Here’s another interview from our series where we talk to travelers. We met up with Alisha McDarris, who is a self-proclaimed “outdoor-obsessed vegan who can always eat, loves making friends in foreign countries and despises rude bus drivers.” With her husband, she travels a great deal and blogs about her adventures at terradrift.com.
What led you to start traveling? What motivated you to start exploring new places?
I should probably give my parents a little credit. My family vacations were almost always road trips. Every year they’d load my sister and me into the van and we’d go someplace new. Almost always in the U.S., but always somewhere unique and exciting. We went camping and backpacking a lot, too, which sprouted my deep love for the outdoors. That’s probably what planted the seed, but the first time I went to the Dominican Republic on a school service trip I knew exploring new lands was something I wanted to do. Experiencing new cultures, trying new foods, meeting people from all over the world who lived a different lifestyle than I did…it was all so exciting! Except for the sunburn from being so much closer to the equator…that was somewhat less exciting…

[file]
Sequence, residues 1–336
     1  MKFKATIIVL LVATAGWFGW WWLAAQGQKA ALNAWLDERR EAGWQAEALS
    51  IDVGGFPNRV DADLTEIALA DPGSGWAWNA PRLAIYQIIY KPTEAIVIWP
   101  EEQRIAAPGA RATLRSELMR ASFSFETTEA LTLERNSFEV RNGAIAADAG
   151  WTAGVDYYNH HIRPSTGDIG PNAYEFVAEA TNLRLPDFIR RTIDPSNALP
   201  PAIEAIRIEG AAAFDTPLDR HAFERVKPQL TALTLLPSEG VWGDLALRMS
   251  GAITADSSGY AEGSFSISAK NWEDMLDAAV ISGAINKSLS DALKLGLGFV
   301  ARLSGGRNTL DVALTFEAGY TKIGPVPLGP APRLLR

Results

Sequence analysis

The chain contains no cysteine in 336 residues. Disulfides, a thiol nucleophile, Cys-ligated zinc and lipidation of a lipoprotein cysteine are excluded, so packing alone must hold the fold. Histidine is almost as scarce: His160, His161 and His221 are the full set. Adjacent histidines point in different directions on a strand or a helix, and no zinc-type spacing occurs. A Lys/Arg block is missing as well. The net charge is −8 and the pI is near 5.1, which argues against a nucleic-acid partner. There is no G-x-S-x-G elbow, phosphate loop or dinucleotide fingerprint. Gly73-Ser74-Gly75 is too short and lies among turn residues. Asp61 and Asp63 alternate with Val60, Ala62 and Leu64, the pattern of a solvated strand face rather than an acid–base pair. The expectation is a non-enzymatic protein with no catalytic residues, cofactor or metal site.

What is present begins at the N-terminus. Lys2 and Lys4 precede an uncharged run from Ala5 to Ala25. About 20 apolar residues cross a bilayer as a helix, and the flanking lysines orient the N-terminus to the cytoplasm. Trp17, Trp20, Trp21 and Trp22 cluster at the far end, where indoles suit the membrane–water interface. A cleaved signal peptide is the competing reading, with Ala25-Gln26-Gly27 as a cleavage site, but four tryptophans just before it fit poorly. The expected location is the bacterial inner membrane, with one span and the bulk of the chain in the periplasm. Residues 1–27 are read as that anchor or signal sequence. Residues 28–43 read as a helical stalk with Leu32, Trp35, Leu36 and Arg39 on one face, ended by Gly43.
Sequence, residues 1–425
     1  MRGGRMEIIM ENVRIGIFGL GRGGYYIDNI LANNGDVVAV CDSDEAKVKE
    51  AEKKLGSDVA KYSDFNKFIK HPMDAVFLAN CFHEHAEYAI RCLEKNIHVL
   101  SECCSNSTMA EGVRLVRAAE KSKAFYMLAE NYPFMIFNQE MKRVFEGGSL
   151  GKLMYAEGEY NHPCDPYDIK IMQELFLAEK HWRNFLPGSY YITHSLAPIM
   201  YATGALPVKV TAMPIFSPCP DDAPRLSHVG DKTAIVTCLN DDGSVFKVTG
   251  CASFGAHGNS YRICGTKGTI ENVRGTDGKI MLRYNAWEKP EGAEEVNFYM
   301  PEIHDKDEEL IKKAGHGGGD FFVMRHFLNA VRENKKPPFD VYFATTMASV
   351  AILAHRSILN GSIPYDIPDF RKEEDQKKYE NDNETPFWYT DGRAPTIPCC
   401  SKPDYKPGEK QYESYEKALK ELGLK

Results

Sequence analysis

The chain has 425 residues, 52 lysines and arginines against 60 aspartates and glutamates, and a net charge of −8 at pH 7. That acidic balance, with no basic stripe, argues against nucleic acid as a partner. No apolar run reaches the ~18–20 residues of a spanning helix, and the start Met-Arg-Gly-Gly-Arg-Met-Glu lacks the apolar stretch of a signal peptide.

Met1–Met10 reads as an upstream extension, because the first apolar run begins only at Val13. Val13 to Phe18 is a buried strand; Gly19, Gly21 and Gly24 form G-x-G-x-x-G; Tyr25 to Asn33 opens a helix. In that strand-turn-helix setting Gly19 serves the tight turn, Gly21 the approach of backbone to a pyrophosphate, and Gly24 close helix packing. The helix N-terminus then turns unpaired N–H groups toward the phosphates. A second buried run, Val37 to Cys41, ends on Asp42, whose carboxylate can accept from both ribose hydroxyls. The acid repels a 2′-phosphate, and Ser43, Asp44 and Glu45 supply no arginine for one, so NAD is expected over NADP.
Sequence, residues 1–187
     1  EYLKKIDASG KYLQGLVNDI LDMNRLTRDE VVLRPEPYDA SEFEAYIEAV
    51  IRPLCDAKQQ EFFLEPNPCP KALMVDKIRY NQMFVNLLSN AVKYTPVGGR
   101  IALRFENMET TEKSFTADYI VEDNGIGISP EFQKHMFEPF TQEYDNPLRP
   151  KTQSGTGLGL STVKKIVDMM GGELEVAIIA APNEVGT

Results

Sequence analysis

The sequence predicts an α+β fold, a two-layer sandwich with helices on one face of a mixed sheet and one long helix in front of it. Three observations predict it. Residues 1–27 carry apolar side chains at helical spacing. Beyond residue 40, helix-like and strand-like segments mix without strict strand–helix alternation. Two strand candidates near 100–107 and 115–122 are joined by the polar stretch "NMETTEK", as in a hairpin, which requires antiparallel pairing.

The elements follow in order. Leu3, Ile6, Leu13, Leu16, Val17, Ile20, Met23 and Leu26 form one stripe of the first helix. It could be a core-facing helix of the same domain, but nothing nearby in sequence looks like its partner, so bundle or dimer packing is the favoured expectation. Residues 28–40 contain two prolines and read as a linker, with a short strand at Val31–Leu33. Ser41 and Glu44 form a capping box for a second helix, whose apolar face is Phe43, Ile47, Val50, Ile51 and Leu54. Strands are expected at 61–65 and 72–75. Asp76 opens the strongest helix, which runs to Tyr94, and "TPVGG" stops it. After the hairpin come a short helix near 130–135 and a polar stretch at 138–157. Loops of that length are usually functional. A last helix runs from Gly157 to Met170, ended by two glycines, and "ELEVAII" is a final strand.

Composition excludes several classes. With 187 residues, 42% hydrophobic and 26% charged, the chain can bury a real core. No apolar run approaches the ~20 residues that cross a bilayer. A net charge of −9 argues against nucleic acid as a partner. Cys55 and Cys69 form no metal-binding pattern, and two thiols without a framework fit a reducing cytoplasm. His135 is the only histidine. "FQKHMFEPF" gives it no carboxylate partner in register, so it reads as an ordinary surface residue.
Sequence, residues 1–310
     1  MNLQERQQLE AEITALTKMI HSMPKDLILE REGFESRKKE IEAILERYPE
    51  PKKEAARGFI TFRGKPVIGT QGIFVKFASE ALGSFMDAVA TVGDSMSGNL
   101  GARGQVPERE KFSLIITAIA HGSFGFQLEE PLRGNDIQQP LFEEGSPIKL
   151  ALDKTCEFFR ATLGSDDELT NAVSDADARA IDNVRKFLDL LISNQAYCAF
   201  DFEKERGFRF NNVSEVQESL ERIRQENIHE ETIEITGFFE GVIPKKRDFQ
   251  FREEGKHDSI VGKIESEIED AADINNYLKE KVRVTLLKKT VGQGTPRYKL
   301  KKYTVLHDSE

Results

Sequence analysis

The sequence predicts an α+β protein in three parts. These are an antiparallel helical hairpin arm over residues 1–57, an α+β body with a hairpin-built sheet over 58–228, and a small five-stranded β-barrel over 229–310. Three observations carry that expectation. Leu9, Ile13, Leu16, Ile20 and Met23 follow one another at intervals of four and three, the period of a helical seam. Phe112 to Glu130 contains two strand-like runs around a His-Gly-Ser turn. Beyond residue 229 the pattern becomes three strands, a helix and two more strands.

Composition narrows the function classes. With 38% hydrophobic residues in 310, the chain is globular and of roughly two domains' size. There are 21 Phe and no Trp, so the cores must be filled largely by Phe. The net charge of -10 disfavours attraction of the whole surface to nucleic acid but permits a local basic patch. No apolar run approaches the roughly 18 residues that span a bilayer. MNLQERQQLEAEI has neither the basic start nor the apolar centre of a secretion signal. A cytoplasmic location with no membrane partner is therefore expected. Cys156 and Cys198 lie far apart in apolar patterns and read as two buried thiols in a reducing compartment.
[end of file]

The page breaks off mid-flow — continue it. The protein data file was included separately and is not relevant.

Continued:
Where have you been recently?
Last fall my husband and I, a travel videographer, spent two months backpacking around Europe. That was a blast. It was also nuts (I’m still learning how not to be sooo cheap that it tarnishes the experience-whoops). It’s also where we discovered that we needed to stop going to all the places websites and guidebooks recommend, and instead start going to places that meant something to us. While driving around Transylvania (we both love eerie history and literary legends), we realized how much more we enjoyed exploring countries and cities that really spoke to us over the ones we’re “supposed” to go to as travelers (I’m talking to you, Amsterdam).
This year, we’ve spent a lot of time doing just that: exploring the parts of the U.S. we’ve never been or always wanted to return to. We backpacked rim-to-rim in the Grand Canyon, hiked in Grand Teton National Park for the first time, and attempted mountain biking on the Kitsap Peninsula in Washington.
What is the most interesting place you’ve ever been?
That’s a tough one. Romania truly spoke to my heart and I loved being in rolling hills and by mountain lakes where there wasn’t any other foreign tourist. Add to the natural beauty the shepherds dotting the landscape and couples riding in horse-drawn carts hauling wood to their homes for the winter and it’s like stepping back in time. Plus we had a very witty Irishman in the backseat who kept us thoroughly entertained the whole time.
But several days spent on Fraser Island off the eastern coast of Australia with a group of volunteers that knew the ecology of the island inside and out was also pretty magical. That’s also where I discovered tide pools. Have you ever gone swimming in tide pools?! Dang. They’re freaking amazing. Now every time I see one on a map or somebody mentions one nearby I’m all like, “Tidepool? What? Where? How far? How do I get there?”
What is the craziest travel story you have? Has anything weird or strange or chaotic happened to you during your travels?